Mind the (skills) gap!

Mind the gap!

What gap?

We hear a lot of chatter about a growing IT skills gap, both here in the US and globally.  A recent New York Times article provided some statistics that were both frightening and illuminating. Approximately 20 percent of American adults don’t use the Internet at home, work, or school, and don’t own a web-enabled mobile device. While the government has funded a $7 billion effort to expand Internet access across the country, there has been little to no increase in adoption. Employment opportunities are increasingly web-based, but digital literacy rates have remained stagnant.

This gap is not only apparent in the general population, but also in the IT workforce. At the Center for Applied Insights, skills gaps often emerge in our studies as top barriers to success in specific fields. Our 2012 Tech Trends study, which surveyed more than 1200 IT professionals, found that only 1 in 10 organizations has all the skills it needs to be successful. This indicates a major gap – and when we talked to students and educators to get headlights into the future – roughly 75 percent of them report a moderate to major gap in their ability to meet the skill needs of the IT workforce.  If the workforce of tomorrow and their teachers are telling us the gap is this big – clearly there’s a problem.

There is also a major skills gap in the security realm. In “Cybersecurity education for the next generation”, we addressed the need for cybersecurity-related academic programs around the world. Less than 60 percent of the students and educators surveyed believe their academic programs address the creation and development of IT security practices for emerging technologies such as Mobile, Cloud, and Social Business.

Mind the gap!
Technical, analytical, business, cybersecurity, and IT skills are needed to bridge the current skill gap.

How can we close it?

Forbes, like the New York Times, wrote an article about the skills gap, emphasizing the disconnect between traditional education institutions and the current, fast-changing job market. Bottom line: institutions aren’t evolving as quickly as they should; only 42 percent of employers believe recent graduates are ready for work. Forbes’ solution? Job seekers must take it upon themselves to develop their own skills, by utilizing online resources. At the same time, companies must invest in comprehensive training programs for their diverse group of new employees, and make job requirements clearer. Noticeably absent was a suggestion for how traditional education institutions can improve. IBM has a tactic to address this. Ad Age featured a story on how IBM, in partnership with its clients, works with academic institutions to design programs that prepare students for real world IT work experience. Examples of these programs include integration with GM at Michigan State, and GlaxoSmithKline at Yale.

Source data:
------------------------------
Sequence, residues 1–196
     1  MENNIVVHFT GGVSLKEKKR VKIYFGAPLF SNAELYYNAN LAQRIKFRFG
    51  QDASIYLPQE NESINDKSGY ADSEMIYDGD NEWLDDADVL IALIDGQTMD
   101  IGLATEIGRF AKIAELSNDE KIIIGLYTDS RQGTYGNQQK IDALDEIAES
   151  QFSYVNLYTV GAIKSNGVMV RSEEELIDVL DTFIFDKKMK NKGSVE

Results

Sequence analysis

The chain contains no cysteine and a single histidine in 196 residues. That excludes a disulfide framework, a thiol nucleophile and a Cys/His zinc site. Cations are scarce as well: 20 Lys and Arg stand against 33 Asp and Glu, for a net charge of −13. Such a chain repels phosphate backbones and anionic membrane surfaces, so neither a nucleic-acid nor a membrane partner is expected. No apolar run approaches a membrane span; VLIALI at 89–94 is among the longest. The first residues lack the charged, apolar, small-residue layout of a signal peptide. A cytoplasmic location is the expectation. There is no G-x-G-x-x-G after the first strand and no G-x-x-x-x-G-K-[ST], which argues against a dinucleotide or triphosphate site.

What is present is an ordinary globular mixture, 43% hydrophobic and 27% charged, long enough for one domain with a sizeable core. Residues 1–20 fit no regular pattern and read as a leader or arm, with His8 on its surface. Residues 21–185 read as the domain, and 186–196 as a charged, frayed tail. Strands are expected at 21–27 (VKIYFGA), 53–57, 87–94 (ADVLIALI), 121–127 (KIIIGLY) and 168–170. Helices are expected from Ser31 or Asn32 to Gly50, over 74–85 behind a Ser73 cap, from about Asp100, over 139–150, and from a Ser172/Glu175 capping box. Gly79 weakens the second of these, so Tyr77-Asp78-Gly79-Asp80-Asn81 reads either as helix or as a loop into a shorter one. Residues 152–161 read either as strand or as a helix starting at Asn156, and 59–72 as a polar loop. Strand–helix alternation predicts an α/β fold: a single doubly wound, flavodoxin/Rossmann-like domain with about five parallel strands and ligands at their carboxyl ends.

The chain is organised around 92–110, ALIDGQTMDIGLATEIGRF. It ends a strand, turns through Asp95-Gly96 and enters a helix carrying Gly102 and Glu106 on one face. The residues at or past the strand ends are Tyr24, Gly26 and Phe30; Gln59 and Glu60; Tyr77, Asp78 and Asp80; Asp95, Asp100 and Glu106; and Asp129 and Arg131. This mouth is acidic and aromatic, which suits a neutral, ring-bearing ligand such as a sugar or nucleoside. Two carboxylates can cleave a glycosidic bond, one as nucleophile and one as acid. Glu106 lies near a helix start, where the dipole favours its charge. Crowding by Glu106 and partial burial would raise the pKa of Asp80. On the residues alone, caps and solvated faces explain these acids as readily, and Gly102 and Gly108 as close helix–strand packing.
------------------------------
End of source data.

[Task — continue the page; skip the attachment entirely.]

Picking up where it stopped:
At the IBM Center for Applied Insights, we’ve looked at the IT skills gap from both the supply and demand sides. In terms of demand, our Tech Trends paper provides suggestions for IT leaders and practitioners on how to close this gap. For IT leaders, we suggest encouraging skill development across a range of disciplines, designing diverse teams and using social tools to assemble expertise, and extending the skills mission beyond IT, making business leaders smarter consumers of analytics. For practitioners, we suggest concentrating on integrating expertise and deepening specialized skills while broadening knowledge across new areas. Practitioners must combine areas of expertise to deliver more value, strengthen business acumen, and use social tools to solicit and supply expertise.

On the supply side, we discovered that cybersecurity education programs are entering a period of transformation. In order to work in concert with today’s demands, we suggest five key initiatives. (1) Increase awareness of security across the academic community, and produce more graduates from cybersecurity programs. (2) Treat security education as a global issue. (3) Approach security comprehensively, linking technical to non-technical fields. (4) Seek innovative ways to fund labs and pursue real-world projects. (5) Advance a “science of security”.

As technology continues to rapidly transform, skills gaps will continue to emerge. While we won’t try to tackle the 20 percent of non-Internet users in the US population, we in the Tech world have the tools to bridge the gaps in the IT workforce. We must be innovative, adaptable, and forward-thinking.  What are the next skills gaps that we’ll explore? Stay tuned for more studies from the Center for Applied Insights that address this skills gap, specifically looking at IT leadership in Africa.

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